The vast troves of data made available by smart technologies will change the way all sectors of the modern economy operate, and this digitalisation promises to be a boon for industrialised nations like Australia in particular, Dr Roland Busch, executive member of the Managing Board of Siemens AG, says.
With the next 50 years forecast to yield just 0.3 percent increase in labour, economies will rely on efficiency gains, and not expanding labour numbers, to sustain growth.
“Digitalisation is the most important element of our business in the future,” Dr Busch, a thought leader on how digital technologies are being integrated into infrastructure, said in a keynote presentation at Siemens Australia’s inaugural Digitalization Forum.
“There is not so much labour coming into the market. If we want to maintain our growth rate on roughly the same level, we have to compensate a productivity gap of 1.2 per cent going forward. This is about digitalisation, the way we use technology in order to really drive growth.”
On the plus side, for markets like Australia’s, digitalisation offers a chance to bring back manufacturing value-add because digitalisation will change the playing field completely. It offers new opportunities for another way of manufacturing.
In this way, the Internet of Things (IoT) will enable countries with higher labour costs to compete in manufacturing against emerging economies via improved productivity and efficiency.
“This is why mature countries are looking so much into it (digitalisation),” said Dr Busch, who holds a master’s degree in physics and a doctorate of natural sciences.
“Productivity, efficiency, time to market is the driver and it will change a lot. The business models are changing completely and that together brings us to a point where people are talking about this exponential development of organisations.”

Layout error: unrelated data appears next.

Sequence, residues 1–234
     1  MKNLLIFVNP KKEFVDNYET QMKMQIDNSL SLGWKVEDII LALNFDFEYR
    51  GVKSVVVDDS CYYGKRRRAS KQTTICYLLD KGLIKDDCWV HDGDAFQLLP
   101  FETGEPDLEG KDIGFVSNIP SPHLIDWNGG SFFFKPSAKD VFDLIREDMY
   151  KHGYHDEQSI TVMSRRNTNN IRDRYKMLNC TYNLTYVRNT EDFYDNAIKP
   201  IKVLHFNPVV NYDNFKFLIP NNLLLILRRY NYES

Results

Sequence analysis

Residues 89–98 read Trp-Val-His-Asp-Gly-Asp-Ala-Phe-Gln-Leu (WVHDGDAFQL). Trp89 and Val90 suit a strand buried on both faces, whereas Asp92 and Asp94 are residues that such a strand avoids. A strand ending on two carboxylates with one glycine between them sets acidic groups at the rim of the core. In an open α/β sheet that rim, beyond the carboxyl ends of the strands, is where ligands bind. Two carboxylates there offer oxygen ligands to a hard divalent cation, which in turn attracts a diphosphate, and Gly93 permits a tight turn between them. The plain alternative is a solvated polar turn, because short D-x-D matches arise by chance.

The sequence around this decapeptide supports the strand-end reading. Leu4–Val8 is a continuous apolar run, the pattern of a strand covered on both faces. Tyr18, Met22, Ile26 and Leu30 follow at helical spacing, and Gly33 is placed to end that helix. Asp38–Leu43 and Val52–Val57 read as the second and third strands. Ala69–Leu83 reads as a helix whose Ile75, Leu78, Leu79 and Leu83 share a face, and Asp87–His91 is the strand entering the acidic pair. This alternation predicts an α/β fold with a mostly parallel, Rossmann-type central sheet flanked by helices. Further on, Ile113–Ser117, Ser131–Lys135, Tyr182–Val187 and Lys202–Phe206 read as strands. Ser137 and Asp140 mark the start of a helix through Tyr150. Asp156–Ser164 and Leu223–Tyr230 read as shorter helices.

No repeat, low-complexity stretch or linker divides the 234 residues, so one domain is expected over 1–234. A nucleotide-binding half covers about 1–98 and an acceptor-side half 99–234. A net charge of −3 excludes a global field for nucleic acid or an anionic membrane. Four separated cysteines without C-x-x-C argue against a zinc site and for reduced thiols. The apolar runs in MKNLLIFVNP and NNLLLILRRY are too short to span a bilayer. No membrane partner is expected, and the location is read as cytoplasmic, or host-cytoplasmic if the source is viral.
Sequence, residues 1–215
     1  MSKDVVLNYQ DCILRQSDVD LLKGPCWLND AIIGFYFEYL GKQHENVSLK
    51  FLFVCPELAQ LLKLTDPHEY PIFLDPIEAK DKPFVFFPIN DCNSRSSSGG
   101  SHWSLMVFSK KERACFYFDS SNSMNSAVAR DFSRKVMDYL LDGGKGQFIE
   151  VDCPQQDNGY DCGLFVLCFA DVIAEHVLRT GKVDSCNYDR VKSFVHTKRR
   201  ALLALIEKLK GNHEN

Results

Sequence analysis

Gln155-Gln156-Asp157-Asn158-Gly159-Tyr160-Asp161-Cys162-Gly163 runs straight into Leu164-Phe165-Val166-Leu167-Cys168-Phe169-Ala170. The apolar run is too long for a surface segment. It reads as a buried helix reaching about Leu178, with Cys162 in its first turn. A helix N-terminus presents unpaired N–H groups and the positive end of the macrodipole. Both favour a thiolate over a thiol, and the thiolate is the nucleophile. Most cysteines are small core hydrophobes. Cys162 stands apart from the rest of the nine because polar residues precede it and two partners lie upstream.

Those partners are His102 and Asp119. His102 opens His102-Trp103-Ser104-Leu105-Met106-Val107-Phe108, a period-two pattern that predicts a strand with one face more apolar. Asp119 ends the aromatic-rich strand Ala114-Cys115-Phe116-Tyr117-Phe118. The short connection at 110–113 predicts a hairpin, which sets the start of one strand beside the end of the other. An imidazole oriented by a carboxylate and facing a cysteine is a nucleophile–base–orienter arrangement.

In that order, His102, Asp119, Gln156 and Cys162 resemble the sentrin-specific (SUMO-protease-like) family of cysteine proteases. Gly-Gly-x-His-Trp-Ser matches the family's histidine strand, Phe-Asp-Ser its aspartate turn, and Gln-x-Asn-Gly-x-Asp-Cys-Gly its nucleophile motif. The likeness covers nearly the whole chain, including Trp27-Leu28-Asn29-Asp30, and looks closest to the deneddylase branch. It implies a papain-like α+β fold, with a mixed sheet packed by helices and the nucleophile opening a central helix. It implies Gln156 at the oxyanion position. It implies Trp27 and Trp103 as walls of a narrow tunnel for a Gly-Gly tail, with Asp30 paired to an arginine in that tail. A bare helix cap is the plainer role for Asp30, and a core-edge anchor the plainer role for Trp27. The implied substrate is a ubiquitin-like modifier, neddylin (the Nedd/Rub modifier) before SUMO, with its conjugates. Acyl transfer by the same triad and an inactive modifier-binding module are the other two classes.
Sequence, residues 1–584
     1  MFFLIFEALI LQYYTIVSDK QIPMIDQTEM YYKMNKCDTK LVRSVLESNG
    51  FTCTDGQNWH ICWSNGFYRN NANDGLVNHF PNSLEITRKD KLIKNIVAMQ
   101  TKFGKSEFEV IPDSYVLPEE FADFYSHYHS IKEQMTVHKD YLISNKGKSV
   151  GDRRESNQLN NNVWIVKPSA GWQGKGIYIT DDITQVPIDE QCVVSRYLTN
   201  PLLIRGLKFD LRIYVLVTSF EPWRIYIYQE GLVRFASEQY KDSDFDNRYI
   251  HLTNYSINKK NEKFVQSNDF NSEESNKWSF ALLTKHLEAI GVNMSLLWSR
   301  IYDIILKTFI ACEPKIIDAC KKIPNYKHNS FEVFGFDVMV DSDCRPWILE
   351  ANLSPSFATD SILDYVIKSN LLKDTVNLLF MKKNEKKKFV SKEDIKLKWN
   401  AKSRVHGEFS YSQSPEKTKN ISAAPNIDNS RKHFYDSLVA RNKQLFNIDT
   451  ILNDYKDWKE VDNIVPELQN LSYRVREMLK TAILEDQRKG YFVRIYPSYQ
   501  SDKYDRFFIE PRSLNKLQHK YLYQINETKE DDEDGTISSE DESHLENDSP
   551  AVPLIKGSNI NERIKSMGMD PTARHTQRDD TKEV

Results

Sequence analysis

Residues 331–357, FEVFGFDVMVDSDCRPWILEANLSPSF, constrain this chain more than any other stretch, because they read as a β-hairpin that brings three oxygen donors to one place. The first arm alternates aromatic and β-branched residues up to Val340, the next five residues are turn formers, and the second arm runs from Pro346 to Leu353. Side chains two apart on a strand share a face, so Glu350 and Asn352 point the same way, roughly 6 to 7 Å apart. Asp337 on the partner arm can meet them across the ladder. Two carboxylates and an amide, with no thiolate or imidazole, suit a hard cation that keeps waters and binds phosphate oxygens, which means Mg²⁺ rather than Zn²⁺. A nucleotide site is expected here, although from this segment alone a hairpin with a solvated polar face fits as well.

Attendees at the forum were told there are already 3.8 billion objects connected to the IoT, and that will accelerate to 25 billion by the decade’s end. This will enable the digitalisation that Dr Busch expects to transform every economic sector, from healthcare to manufacturing to energy, building technology and construction, mobility and automation.
“It is clear that digitalisation is not a nice-to-have thing, it is a must,” Dr Busch said.
Siemens forecasts massive efficiency gains on the back of digitalisation, including reductions in energy costs by as much as 40 per cent as a result of intelligent building technologies, and a halving of the time to market for new products as a result of life cycle management software. Siemens aims to be the world’s first major industrial company to achieve net zero carbon footprint by 2030.
But the focus areas, where Siemens put its money, was driven by the digital agenda, and the firm is working on 3-D printing, which Busch says can change manufacturing and supplying of parts completely, and can change business models.
“Digitalisation is something small yet, but with the highest growth rate, that comes on top and driving our agenda,” Dr Busch said.
“Distributed electrification, connected mobility, e-mobility, autonomous machines, artificial intelligence or block chain applications. All of them have the headline of digitalisation and this is exactly where we put money in order to see how we can really create some fast start-up companies and we are investing in that.”